a lower energy level an emission of photons is produced. The photoluminescence is the return to the equilibrium state of a material previously excited by light. The absorption of photons with higher or equal energy from that of the material gap energy provokes the promotion of electrons to the conduction band. A couple electron/hole is then created in which the cohesion is ensured by electrostatic attraction. From a quantum mechanics perspective, the couple corresponds to an entity called exciton. An exciton is a bound state of an electron and an imaginary particle called an electron hole in a semiconductor, such is called a Coulomb-correlated electron-hole pair. The exciton can be free or linked to an ionic or neutral impurity of the crystal, either donor or acceptor. The nature of the impurity can be diverse such as atom vacancies or defects in the crystalline lattice. The electronic level depends on the environment of the exciton. Some potential electronic recombination of the exciton couple are illustrated in Figure I.3.3.3.

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In the case of a direct band-gap semiconductor, the energy of photons that produce the excitation is directly related to the length of the gap. The modulation of the band-gap is very important for opto-electronic applications. Modifications on nanoparticle size suppose changes in the band- gap distance and therefore the energy of the emitted light can be tuned. Smaller particles show an emission displaced to higher energies compared to the bulk.32-35

Different, recently published works have shown that variation in the size of ZnO and the presence of defects produce changes in the diffusion RAMAN spectra and the photoluminescent properties.36-41 Some examples have shown an amelioration of the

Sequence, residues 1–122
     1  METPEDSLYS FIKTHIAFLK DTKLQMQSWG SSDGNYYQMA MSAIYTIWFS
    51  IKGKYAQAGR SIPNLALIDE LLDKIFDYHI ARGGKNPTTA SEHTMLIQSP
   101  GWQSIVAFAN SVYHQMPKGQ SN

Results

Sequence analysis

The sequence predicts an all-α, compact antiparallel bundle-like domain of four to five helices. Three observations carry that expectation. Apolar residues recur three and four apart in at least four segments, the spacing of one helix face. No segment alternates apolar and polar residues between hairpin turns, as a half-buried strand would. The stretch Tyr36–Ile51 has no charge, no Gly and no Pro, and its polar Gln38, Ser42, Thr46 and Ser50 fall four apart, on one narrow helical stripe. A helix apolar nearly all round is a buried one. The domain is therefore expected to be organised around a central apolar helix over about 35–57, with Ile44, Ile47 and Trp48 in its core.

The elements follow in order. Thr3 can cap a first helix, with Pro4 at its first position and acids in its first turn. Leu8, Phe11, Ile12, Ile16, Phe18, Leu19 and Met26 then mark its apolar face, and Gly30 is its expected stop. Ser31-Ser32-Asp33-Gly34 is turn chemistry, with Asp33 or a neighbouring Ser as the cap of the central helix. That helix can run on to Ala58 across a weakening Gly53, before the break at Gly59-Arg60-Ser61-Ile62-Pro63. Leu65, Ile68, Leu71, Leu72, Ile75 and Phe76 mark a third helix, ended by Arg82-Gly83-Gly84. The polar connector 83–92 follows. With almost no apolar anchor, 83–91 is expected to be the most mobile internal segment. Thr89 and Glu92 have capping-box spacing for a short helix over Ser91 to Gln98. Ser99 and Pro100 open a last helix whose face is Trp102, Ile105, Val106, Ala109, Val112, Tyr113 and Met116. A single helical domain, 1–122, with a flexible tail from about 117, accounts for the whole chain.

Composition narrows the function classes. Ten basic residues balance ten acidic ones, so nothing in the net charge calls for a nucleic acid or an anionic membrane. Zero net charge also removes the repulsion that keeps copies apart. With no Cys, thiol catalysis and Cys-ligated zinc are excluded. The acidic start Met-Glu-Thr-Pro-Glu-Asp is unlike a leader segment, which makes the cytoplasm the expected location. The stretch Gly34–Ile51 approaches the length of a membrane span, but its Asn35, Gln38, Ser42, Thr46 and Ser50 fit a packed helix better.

efficiency of the optical properties changing the synthetic procedure.42-45 For example,

when the nanoparticle size decreases the number of surface oxygen atoms is increased which related to green emission properties.46 The spectroscopic properties give important

information about the structural properties of a semi-conducting material such as the kind of defects presented in the lattice. However, there is a lot of controversy surrounding the nature of the defects that bring different optical behavior.47-49

I.4 Applications of ZnO NPs

Sensing: In the presence of a reductive gas (CO, hydrocarbons, H2 etc) the electric

conductivity of ZnO is increased while in an oxidative medium the electric conductivity is decreased. The quality of this response (reproducibility and stability) depends on the morphology and surface state (molecules adsorbed at material surface). No studies with ZnO NPs have been performed so far. However, zinc oxide thin films have been reported for the detection of NO250 and CO.51

Solar cells: are devices that convert light directly into electricity. These devices are intended specifically to capture energy from sunlight (this phenomenon is called the photovoltaic effect). The deposition of various of different semiconducting nanoparticles